Trustee, alumnus and Sandler O’Neill co-founder rebuilt firm after 9/11
Jimmy Dunne, a University of Notre Dame Trustee and alumnus who in the aftermath of the terrorist attacks on Sept. 11, 2001, led the recovery of his company while also providing compassionate and meaningful care to the families of the firm’s employees who lost their lives, will serve as the principal speaker and receive an honorary doctor of laws degree at Notre Dame’s 176th University Commencement Ceremony on May 23. The ceremony will be held in-person for graduates and a limited number of guests in Notre Dame Stadium.
“At a time when our graduates have had to show remarkable resilience in the face of the adversity of the COVID-19 pandemic, Jimmy is someone who personified resilience in the aftermath of the tragic events 20 years ago,” Notre Dame President Rev. John I. Jenkins, C.S.C., said. “Through his example, as well as his words, he will send off our graduates with a powerful message about commitment, honor, integrity and perseverance.”
As one of the senior managing partners of Sandler O’Neill, Dunne was attempting to qualify for the U.S. Mid-Amateur golf tournament when the attack on the World Trade Center occurred the morning of Sept. 11. Of the 171 Sandler O’Neill employees, 68 lost their lives that day, including Dunne’s mentor, Herman Sandler, and his best friend, Chris Quackenbush.
Dunne was determined to rebuild the firm. He took decisive action to care for the families of employees who died by paying the salaries and bonuses of those who perished, providing health care to the families and creating a college scholarship fund for the children who lost a parent. To date, the Sandler O’Neill Assistance Foundation is well on its way of providing full tuition for all of the children to attend colleges and universities across the country, including Notre Dame.
When asked why he and others at the firm made the commitment to employees’ families, Dunne said: “We believed that what we did would echo for a hundred years in the families of our people, their kids and their grandkids. We knew how we conducted ourselves in those first few hours and days would define who we really were and what we stood for. If we were not honorable, then we stood for nothing.”
Under Dunne’s leadership in the years that followed, Sandler O’Neill grew to become the largest independent full-service investment banking firm focused on the financial services sector. Sandler O’Neill was acquired by Piper Jaffray in January 2020, to become Piper Sandler. Dunne is now vice chairman and senior managing principal of the investment bank.
Dunne has been a Notre Dame Trustee since 2010 and was chair of the University’s recent Boldly capital campaign. He and his wife, Susan, underwrote the construction of Dunne Hall, a men’s residence hall that opened in 2016, and were among the benefactors to the Irish Athletics Center, a practice facility for the football and soccer teams, and Rolfs Athletic Hall, the practice home for the Irish men’s and women’s basketball teams. Dunne was awarded an honorary monogram by the athletics department in 2019.
Along with their friends Rich and Connie Riley, the Dunnes endowed the Ann F. Dunne and Elizabeth M. Riley Director of Notre Dame’s Harper Cancer Research Institute to memorialize Jimmy’s and Rich’s mothers, both of whom lost their lives to cancer.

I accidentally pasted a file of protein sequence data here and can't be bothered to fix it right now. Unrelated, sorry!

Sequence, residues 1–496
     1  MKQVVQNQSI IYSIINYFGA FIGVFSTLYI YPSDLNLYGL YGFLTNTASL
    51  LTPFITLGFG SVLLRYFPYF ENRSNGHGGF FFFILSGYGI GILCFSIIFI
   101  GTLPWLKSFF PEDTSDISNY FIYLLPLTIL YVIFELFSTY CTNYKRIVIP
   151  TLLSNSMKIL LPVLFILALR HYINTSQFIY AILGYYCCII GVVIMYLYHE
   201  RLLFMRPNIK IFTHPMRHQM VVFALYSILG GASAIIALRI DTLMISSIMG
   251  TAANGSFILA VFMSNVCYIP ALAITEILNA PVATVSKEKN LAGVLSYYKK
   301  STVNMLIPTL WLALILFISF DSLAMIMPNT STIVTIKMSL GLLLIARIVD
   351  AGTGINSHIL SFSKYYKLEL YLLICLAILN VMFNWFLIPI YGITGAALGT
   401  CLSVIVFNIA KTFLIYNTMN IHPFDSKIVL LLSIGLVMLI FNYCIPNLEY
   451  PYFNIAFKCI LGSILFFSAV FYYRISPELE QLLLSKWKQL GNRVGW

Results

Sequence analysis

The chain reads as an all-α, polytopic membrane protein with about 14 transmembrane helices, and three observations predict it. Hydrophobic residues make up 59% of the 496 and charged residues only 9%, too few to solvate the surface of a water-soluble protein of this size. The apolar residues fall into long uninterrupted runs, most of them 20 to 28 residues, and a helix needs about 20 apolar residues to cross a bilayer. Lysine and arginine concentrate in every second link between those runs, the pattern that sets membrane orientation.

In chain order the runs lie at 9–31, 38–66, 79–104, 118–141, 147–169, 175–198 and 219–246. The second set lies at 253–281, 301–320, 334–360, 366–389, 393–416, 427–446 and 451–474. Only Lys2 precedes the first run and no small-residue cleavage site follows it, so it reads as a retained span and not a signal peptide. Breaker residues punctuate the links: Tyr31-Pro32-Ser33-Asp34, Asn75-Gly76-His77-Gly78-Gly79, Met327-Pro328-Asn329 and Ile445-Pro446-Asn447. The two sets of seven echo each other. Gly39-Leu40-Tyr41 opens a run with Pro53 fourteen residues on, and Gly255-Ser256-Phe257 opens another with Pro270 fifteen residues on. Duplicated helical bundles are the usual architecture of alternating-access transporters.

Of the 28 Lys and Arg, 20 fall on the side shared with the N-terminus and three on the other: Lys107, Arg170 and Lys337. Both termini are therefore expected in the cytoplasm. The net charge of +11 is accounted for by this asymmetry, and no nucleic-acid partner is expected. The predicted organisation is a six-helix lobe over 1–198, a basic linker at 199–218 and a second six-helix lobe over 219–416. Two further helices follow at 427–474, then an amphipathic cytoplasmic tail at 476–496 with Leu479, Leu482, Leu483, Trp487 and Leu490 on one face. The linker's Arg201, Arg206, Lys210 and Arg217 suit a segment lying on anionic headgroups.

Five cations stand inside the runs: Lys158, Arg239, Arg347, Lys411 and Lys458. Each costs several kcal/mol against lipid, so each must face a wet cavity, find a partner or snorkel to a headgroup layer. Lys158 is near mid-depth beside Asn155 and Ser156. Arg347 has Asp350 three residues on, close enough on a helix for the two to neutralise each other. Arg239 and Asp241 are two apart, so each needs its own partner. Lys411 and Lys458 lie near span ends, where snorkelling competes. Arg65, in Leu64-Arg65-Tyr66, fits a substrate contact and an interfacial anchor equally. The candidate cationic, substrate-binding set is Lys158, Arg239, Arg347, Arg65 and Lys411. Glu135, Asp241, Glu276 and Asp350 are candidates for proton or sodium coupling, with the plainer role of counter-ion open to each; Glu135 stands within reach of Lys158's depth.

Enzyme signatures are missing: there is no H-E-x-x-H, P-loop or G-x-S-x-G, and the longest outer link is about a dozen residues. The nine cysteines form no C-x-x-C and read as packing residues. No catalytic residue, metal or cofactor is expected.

The Dunnes are the parents of three children, 2016 and 2019 Notre Dame graduates James and Christopher, and Jacqueline.
Thomas G. Burish, the Charles and Jill Fischer Provost of Notre Dame from 2005 to 2020, also will receive an honorary degree at the University Commencement Ceremony. As the University’s provost, or chief academic officer, Burish worked with the deans, faculty, administration and others to advance Notre Dame’s role as a preeminent research university with a distinctive Catholic character that provides an unsurpassed commitment to undergraduate and post-baccalaureate education. In doing so he oversaw the many academic offices, programs and initiatives led by the Provost’s Office, including colleges and schools, institutes and centers, libraries, student advising, admissions, financial aid, the Registrar’s Office, Snite Museum of Art and DeBartolo Performing Arts Center.
Among the many notable advances made during Burish’s 15 years as provost were the doubling of research expenditures; investments in research clusters devoted to areas such as nanotechnology, global health, the environment, and advanced studies; creation of the Harper Cancer Research Institute and the IDEA Center at Innovation Park; strengthening of international programs through the creation of Global Gateways in Beijing, Dublin, Jerusalem, London and Rome; and the establishment of the Donald R. Keough School of Global Affairs, the first new college or school at Notre Dame in nearly a century.
Burish graduated summa cum laude from Notre Dame in 1972 and earned master’s and doctoral degrees in psychology and clinical psychology from the University of Kansas. He was a distinguished professor at Vanderbilt University before serving for 10 years as its provost. Prior to returning to his alma mater, Burish was the president of Washington and Lee University for three years.
Carla Harris, vice chairman of wealth management and senior client adviser at Morgan Stanley — as well as a celebrated gospel singer, speaker and author — will be awarded Notre Dame’s highest honor, the Laetare Medal, the oldest and most prestigious honor given to American Catholics.
Notre Dame’s commencement Mass on May 23 will begin at 9:30 a.m., followed by the University Commencement Ceremony at 11 a.m. Health and safety protocols, ticketing and other details are available here.
Originally published by news.nd.edu on May 11, 2021.at